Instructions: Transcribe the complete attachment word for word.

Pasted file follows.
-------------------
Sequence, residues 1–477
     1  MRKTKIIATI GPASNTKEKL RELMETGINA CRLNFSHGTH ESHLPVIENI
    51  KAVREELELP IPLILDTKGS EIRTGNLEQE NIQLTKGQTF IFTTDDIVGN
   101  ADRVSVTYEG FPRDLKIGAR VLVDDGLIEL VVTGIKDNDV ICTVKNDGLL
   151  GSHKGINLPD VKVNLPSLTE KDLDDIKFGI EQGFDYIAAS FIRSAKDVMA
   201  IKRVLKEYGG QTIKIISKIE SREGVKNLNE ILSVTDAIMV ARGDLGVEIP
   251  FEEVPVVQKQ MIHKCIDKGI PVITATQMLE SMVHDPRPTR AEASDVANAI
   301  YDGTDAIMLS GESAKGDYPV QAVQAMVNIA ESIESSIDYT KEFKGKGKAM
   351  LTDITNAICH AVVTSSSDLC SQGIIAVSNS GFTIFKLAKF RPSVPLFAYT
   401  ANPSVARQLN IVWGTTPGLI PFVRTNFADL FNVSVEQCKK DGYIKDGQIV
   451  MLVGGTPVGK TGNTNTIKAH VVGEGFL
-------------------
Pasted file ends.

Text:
Sequence, residues 1–477
     1  MRKTKIIATI GPASNTKEKL RELMETGINA CRLNFSHGTH ESHLPVIENI
    51  KAVREELELP IPLILDTKGS EIRTGNLEQE NIQLTKGQTF IFTTDDIVGN
   101  ADRVSVTYEG FPRDLKIGAR VLVDDGLIEL VVTGIKDNDV ICTVKNDGLL
   151  GSHKGINLPD VKVNLPSLTE KDLDDIKFGI EQGFDYIAAS FIRSAKDVMA
   201  IKRVLKEYGG QTIKIISKIE SREGVKNLNE ILSVTDAIMV ARGDLGVEIP
   251  FEEVPVVQKQ MIHKCIDKGI PVITATQMLE SMVHDPRPTR AEASDVANAI
   301  YDGTDAIMLS GESAKGDYPV QAVQAMVNIA ESIESSIDYT KEFKGKGKAM
   351  LTDITNAICH AVVTSSSDLC SQGIIAVSNS GFTIFKLAKF RPSVPLFAYT
   401  ANPSVARQLN IVWGTTPGLI PFVRTNFADL FNVSVEQCKK DGYIKDGQIV
   451  MLVGGTPVGK TGNTNTIKAH VVGEGFL